Last month I heard from someone who read my book and hated it. Why? Because I portrayed Mussolini as the villain, and not the hero. This comment set me back a bit. Who was this fan? Apparently, she was born in Italy and emigrated to the U.S.A. decades ago, but had fond memories of the hero Mussolini, who ushered Italy into the modern age.
It’s true, no doubt that Mussolini brought many modern advances to Italy and helped to unify a country that was historically a loose confederation of provinces, more than a nation. But at what cost to its people? After twenty two years of his iron-fisted rule, he was executed by a firing squad and hung by his heels in a public square in Milan to send the message that his death was a fitting end for a tyrant.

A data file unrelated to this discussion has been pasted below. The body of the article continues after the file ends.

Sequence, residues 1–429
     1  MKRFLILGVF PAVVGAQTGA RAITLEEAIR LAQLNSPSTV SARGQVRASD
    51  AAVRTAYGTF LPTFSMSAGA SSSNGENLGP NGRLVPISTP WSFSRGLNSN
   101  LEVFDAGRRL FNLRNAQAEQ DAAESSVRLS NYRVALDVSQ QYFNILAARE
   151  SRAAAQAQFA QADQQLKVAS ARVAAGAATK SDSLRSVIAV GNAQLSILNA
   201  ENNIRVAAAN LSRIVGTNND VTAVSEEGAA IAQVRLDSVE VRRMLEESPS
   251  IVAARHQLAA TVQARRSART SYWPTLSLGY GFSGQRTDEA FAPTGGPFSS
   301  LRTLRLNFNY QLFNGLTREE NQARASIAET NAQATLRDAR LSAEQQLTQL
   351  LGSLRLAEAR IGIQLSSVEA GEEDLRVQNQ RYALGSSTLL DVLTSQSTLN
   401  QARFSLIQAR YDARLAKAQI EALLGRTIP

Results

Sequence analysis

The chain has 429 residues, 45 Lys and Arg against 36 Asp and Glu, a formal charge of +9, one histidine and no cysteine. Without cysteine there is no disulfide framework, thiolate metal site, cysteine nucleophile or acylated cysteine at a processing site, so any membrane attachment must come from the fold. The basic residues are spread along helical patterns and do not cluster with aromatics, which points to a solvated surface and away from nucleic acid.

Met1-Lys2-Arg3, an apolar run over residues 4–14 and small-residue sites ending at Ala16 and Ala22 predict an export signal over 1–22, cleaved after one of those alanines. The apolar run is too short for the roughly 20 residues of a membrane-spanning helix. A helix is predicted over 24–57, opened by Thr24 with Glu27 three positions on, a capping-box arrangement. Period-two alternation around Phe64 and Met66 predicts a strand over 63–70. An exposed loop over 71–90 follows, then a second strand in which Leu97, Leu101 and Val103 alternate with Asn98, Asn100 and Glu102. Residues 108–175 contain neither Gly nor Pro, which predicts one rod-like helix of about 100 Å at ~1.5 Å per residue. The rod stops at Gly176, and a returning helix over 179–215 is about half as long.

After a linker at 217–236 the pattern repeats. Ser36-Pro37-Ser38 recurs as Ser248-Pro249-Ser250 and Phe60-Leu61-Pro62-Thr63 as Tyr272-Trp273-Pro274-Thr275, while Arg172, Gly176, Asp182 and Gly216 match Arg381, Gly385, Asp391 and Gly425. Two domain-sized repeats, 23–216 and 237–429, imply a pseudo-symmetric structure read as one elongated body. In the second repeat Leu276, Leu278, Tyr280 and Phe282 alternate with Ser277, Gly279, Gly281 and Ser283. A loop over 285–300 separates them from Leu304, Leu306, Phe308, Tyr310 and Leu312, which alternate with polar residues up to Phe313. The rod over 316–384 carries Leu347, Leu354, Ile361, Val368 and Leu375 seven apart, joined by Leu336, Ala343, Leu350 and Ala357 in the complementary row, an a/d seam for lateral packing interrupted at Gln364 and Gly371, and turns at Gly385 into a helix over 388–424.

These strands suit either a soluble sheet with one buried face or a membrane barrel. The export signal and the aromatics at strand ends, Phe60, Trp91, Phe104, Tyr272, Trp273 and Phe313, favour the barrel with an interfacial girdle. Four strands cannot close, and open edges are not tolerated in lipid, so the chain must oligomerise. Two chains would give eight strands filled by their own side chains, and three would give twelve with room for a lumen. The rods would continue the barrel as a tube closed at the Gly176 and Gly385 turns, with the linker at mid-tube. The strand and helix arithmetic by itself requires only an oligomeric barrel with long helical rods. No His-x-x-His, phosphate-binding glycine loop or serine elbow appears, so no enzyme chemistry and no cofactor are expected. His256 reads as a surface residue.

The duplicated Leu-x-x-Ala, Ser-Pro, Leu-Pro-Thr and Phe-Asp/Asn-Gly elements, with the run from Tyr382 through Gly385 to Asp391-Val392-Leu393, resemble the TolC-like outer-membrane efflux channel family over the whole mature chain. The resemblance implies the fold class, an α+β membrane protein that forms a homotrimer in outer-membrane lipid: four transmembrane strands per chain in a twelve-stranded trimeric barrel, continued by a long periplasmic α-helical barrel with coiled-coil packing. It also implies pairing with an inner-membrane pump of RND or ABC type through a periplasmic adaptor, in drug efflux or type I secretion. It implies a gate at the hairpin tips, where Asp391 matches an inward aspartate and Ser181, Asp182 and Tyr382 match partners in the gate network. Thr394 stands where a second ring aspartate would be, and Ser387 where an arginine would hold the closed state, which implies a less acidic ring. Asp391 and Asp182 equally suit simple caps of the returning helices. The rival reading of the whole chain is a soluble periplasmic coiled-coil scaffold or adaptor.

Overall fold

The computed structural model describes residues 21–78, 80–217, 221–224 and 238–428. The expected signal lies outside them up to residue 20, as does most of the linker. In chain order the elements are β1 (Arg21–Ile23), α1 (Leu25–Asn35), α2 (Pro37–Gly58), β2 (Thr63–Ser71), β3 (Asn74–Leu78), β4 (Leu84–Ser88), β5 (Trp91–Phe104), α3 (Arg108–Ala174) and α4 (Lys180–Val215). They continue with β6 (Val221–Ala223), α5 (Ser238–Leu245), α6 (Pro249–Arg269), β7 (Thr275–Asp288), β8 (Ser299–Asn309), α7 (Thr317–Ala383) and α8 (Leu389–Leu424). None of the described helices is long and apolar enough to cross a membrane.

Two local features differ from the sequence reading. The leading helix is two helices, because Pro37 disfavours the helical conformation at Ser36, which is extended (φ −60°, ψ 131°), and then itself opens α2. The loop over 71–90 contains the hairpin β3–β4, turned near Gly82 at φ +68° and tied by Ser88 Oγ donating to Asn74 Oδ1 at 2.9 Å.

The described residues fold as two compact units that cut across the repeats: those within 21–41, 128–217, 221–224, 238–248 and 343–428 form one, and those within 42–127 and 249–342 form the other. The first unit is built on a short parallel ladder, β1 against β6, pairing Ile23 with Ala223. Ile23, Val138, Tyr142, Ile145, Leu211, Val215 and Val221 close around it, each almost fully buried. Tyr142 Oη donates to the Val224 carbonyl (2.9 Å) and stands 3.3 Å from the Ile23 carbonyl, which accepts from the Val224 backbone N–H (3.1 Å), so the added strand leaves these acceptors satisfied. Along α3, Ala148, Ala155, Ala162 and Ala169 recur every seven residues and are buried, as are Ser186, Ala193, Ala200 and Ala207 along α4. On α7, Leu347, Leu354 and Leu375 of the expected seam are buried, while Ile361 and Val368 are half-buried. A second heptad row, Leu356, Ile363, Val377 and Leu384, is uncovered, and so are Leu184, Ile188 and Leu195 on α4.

Mussolini was a complex man, no doubt, who was capable of good as much as evil. But this is the ultimate contradiction of evil–isn’t it? It wears many disguises and can fool virtually everyone.
These images are as fresh and visually-interesting now as they were in the 1930’s. They were the visual reference photos for my book jacket. They come from Italian car and cigarette manufacturers during that era and help define the distinctive Italian Futurism style.
I’m a big fan of my book club readers. To aid your discussion about The Incident at Montebello, I’ve created a Book Club Q & A_ Send me an email at email@example.com if you’d like me to visit your book club in person or via video chat during your meeting.
After speaking to several readers, I created a family tree for my novel. If this is helpful, can you please let me know? If so, I’ll include it in the next edition of my novel. Just click on the image to save it to your desktop. I’ve attached a form below for your comments. And thanks, everyone! Your feedback and support have been wonderful!